By Françoise Lartigue, Ready4K content manager
A few weeks ago I ran into a good friend whom I hadn’t seen in awhile. Before I could get a word in, she stated “Don’t even ask me how I am doing!”
“Okay” I responded, “So how are you coping then?”
“Ha, ha!,” she said. “Not well and with lots of bad habits. And you?”
“I’m coping okay, but I have to try hard at it every day and that makes me tired.”
It turned out that we both had a few minutes to spare in between our obligations of the day. So we got to talking.
My friend has struggled, like so many, to maintain positive mental health. And after trying to do the work of coping with things on her own, she made the brave decision to seek out medical help. The medication, combined with other coping strategies, was a good fit for awhile. But the stress of the past year became too much at times and she found herself slipping.
After our brief conversation, she revealed that she hadn’t wanted to reach out to her doctor again because it felt like she had failed. “How is figuring out how to feel better a failure?” I responded.
We talked some more. The next week she took the important step of reaching out for more medical help. She is doing better now.
Mental Health Awareness Month
May is Mental Health Awareness Month, focusing this year on amplifying the message that “You Are Not Alone.” If you found yourself relating to any aspect of the story above, you are not alone. According to the National Alliance on Mental Illness, 1 in 5 US adults live with mental health challenges. That’s about 51.5 million people.
Data also shows that about 17% of children age 6-17 years, experience a mental health disorder. Our kids are not alone either.
Started in 1949, the goal of Mental Health Awareness Month has been to raise peoples’ understanding and strengthen their knowledge around mental health. This includes those living with mental or behavioral health struggles. Awareness is a step towards breaking the stigma that many face when experiencing mental health challenges.
National Resources We Offer for Ready4K Trauma-Informed
One of the most fulfilling parts of developing our Trauma-Informed program has been finding and researching accessible resources to provide families with concrete supports in times of need. Many of the foundational resources in our Community Support Streams are geared towards providing help to those who are experiencing a mental or behavioral health crisis.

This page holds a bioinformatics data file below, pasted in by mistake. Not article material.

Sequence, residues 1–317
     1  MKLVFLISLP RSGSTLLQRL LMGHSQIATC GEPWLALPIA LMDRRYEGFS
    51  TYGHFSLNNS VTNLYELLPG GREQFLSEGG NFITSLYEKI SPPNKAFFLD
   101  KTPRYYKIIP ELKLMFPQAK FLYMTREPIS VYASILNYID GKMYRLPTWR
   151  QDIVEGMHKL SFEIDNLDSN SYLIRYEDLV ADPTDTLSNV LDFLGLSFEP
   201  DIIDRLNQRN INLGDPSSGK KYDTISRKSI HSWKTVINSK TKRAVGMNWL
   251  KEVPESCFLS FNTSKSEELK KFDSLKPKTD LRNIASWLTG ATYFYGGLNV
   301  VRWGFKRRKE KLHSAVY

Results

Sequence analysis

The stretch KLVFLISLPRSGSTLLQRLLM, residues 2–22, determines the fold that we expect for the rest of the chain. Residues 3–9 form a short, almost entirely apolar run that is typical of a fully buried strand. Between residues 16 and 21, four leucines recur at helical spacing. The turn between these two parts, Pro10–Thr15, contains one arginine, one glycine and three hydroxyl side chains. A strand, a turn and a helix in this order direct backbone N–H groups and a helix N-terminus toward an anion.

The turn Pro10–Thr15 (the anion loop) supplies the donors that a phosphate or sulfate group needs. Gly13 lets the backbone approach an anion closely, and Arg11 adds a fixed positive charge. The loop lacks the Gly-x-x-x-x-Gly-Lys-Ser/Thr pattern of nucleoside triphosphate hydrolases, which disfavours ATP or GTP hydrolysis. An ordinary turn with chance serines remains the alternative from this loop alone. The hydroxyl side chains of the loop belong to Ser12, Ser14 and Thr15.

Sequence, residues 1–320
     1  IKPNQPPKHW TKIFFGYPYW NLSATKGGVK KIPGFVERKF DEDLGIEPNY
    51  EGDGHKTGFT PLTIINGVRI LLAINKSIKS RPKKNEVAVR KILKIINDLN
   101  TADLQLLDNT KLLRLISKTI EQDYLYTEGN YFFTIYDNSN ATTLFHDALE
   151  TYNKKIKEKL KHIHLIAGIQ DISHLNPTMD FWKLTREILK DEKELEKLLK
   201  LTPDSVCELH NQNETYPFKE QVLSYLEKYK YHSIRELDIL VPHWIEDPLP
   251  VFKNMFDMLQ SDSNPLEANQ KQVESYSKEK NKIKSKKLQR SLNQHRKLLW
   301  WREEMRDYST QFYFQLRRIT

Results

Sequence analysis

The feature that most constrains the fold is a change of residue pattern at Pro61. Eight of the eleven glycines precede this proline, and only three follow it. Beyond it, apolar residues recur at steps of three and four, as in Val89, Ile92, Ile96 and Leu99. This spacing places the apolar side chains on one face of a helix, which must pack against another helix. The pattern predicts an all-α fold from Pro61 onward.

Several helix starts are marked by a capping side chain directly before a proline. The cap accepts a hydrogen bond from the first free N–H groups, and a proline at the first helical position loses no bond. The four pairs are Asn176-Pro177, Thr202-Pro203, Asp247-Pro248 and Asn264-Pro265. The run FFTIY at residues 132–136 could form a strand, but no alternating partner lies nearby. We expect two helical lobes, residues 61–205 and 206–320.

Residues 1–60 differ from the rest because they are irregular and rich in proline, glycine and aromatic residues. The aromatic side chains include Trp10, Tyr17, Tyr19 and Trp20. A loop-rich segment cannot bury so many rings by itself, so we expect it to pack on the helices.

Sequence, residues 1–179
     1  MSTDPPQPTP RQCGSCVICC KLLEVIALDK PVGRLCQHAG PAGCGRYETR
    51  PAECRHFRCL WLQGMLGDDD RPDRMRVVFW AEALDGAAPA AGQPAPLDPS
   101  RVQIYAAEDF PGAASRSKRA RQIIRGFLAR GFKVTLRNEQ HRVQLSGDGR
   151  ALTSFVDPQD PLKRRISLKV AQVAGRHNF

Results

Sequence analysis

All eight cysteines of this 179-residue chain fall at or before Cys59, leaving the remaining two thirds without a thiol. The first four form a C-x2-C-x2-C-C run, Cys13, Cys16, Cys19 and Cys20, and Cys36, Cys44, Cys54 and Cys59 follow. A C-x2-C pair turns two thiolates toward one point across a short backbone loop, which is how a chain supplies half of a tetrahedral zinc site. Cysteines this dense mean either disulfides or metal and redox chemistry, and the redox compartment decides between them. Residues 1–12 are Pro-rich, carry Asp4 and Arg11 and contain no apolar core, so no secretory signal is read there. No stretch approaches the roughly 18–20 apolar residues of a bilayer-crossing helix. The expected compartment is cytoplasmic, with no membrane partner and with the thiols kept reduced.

Our data shows that these resources are much needed and used by the families we serve. The fact that these resources are available is a sign of progress. However, in many communities there still remains a stigma around mental health issues and reaching out for support. Additionally, the cost of care and knowing how to access care are common reasons people aren’t reaching out for help.
To make it a little easier for you and those in your life, we’ve curated a list of resources below. They are intended to help you:
- find resources to turn to in crisis,
- deepen your knowledge and understanding of mental health issues, and/or
- build greater mental health awareness in your community.
As always when we provide a list of resources it is not exhaustive, but a place to start. And all are for you to use and share.
Supports for moments of mental or behavioral health crisis
To access a nationwide 24/7 Crisis Text Line, text “HELLO” to 741741 and to be connected directly with a crisis counselor.
Suicide Prevention Life Line provides an emotional support lifeline to anyone thinking about suicide. For support in English call 1—800-273-8255 and in Spanish call 1-888-628-9454. For additional support lines or to get help via chat visit Suicide Prevention Life Line
The National Alliance for Mental Health offers a helpline M – Fr, 10 am – 8 pm est. Call 1-800-950-NAMI (6264) to reach a HelpLine volunteer who can answer questions, provide support and give guidance on practical next steps.
The Asian Mental Health Collective offers international resources and crisis lines including one that provides support in Asian languages: call 1-877-990-8585.
The Substance Abuse and Mental Health Administration (SAMHSA) offers resources to get support or find a treatment facility, visit https://www.samhsa.gov/.
Resources to deepen knowledge and understanding
Mental Health America’s 2021 report on “The State of Mental Health in America” offers statistical insight into the crisis we are facing with our youth and adult populations.
The National Alliance on Mental Illness (NAMI) offers a series of valuable infographics to help build understanding of the ripple effects of mental illness and provide support. Included is a video about the 10 warning signs and symptoms of mental illness for both children and adults.
Children and mental health are the focus of this comprehensive series of informational resources from the National Institute of Mental Health.
Mental health myths are debunked with facts in this easy to read resource from MentalHealth.gov.